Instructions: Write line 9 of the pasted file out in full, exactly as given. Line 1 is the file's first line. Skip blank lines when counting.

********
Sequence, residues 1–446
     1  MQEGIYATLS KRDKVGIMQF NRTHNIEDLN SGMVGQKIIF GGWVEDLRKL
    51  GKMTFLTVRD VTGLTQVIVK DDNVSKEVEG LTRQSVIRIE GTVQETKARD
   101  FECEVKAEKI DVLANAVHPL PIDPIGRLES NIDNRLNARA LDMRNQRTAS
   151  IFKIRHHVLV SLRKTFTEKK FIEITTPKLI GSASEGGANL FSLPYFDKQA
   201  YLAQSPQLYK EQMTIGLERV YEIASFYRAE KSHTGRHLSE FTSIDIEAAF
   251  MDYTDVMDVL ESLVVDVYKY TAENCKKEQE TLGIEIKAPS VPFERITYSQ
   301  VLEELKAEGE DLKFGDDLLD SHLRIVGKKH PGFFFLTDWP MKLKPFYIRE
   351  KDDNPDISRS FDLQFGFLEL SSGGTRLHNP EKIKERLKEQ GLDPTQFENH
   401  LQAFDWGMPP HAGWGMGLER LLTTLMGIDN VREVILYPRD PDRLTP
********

   351  KDDNPDISRS FDLQFGFLEL SSGGTRLHNP EKIKERLKEQ GLDPTQFENH